He looked out the window thinking about Whitehead, wondering why he felt hollow inside. He realized then that he had become a historian, a cataloger of other people’s thoughts. The world had moved on from Socrates and Plato, revolutionaries in their time, now become little more than shining tiles in the mosaic of modern thought.

He looked back at his desk and read the title of Johnny Holiday’s final essay:

Concresence and the Square of Opposition, the end of Aristotle in the Age of Uncertainty

Hubris! Dr. Marshall thought, knowing that he was jealous. He hadn’t read the paper, and he didn’t plan to, but now seeing the title again, he realized that Johnny Holiday had already progressed to the place in philosophy that he himself aspired to. He was with Whitehead, a creature of the modern world.

Sam Olson – Editor at The Star

It was late morning when Sam turned his thoughts to his protégé, Johnny Holiday, while sitting at his desk, looking out of his window over Downtown Saint Anthony, with a view of city hall with its copper spires.

He wondered how Johnny had gotten along with Colonel Forrester, thinking that the interview should be over by now, and wondering what kind of arrangements the Colonel had made for him, what kind of a deal Johnny had struck for himself.

Doing work for the Colonel could be lucrative, Sam knew it from firsthand experience, though in his heart he wondered if he should have tried harder to steer Johnny away from the old man, because the work could also be dangerous too, as anything having to do with the Colonel Forrester could be.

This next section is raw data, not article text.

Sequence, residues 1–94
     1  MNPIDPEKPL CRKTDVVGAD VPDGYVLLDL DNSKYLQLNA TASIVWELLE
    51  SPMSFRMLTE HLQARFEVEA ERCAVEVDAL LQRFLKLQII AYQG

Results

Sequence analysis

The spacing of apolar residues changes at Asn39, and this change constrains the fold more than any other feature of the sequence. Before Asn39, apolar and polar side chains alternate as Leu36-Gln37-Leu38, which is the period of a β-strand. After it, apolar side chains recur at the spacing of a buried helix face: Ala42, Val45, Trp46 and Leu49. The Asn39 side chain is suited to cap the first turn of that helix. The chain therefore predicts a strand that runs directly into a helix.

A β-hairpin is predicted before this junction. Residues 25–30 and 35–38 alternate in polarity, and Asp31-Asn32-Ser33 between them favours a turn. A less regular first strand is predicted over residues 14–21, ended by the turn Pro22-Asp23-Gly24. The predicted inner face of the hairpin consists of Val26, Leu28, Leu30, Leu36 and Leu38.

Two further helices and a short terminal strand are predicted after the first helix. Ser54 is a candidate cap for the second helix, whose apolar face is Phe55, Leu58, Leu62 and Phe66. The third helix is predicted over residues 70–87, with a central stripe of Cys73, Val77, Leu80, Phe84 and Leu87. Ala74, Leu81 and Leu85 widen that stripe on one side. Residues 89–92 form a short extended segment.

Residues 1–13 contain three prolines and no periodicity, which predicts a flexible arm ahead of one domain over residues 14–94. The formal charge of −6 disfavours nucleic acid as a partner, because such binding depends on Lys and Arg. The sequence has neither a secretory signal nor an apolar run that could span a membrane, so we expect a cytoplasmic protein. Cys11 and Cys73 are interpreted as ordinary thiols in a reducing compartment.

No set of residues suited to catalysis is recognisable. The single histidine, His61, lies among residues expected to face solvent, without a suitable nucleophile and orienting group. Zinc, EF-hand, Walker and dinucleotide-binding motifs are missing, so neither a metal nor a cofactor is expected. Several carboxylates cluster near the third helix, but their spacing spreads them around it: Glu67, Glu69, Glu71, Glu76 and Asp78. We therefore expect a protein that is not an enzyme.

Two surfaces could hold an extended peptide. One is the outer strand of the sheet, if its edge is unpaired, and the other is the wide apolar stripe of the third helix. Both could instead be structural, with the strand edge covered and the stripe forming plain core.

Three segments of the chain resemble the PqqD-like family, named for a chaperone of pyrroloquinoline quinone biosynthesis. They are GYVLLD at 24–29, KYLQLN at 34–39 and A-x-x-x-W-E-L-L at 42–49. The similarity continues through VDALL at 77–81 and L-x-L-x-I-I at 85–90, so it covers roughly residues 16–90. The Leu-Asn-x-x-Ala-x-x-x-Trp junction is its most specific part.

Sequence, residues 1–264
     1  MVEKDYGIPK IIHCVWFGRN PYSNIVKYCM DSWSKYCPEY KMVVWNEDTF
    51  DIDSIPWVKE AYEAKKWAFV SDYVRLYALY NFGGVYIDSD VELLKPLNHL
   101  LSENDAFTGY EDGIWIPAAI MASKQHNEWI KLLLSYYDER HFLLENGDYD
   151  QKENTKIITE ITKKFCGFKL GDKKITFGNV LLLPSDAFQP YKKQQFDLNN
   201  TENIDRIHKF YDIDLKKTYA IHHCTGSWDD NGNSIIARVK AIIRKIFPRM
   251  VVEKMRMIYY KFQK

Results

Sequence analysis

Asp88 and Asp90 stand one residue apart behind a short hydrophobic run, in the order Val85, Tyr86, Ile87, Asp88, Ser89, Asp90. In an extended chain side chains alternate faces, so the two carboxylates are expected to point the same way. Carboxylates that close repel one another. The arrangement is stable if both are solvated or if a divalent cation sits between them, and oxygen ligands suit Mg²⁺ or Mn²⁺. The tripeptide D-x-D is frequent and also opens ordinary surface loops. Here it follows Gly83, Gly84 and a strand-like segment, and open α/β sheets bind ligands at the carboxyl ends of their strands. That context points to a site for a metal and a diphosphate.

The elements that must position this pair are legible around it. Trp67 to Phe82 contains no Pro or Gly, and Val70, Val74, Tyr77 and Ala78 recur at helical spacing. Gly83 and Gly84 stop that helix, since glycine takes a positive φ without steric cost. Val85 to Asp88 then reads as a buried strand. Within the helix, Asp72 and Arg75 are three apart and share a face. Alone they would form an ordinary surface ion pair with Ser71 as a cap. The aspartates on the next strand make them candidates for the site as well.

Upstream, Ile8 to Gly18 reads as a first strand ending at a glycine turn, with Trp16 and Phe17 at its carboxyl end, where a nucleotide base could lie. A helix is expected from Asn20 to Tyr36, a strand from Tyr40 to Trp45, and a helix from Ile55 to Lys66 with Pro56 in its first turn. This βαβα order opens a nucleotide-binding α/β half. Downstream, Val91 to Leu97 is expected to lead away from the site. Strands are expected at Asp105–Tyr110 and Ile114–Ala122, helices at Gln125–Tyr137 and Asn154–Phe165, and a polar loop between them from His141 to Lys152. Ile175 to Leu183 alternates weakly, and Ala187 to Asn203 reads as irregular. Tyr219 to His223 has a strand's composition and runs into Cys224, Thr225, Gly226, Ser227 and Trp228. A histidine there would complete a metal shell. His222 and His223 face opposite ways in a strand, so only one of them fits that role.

Sam was fond of Johnny, he had known him for the better part of the boy’s life, watched him grow up at the paper, learning every job there was to do in the newsroom.

Sam told Johnny that he had recommended him to Colonel Forrester, for a writing assignment that called for first class prose.

Johnny was young, and he wrote beautifully but the truth of the matter was that there were a half a dozen more experienced writers he would have preferred to recommend to the Colonel if the only qualification was beautiful prose.

When the Colonel came to him asking for a recommendation he asked for Johnny Holiday by name, and really the Colonel was asking Sam if there was some reason that he should not offer Johnny this assignment, then informed Sam that he would appreciate it if Johnny came to the work believing that Sam had made the recommendation on his own.

Sam starred out his window looking over the city watching the clouds approach, telling himself that no harm could come from recommending Johnny to the Colonel, and curious as to what the assignment entailed.

He sipped his coffee, turned his back on the city and returned to the stack pilling up on his desk.

Day One – Celene Marie Forrester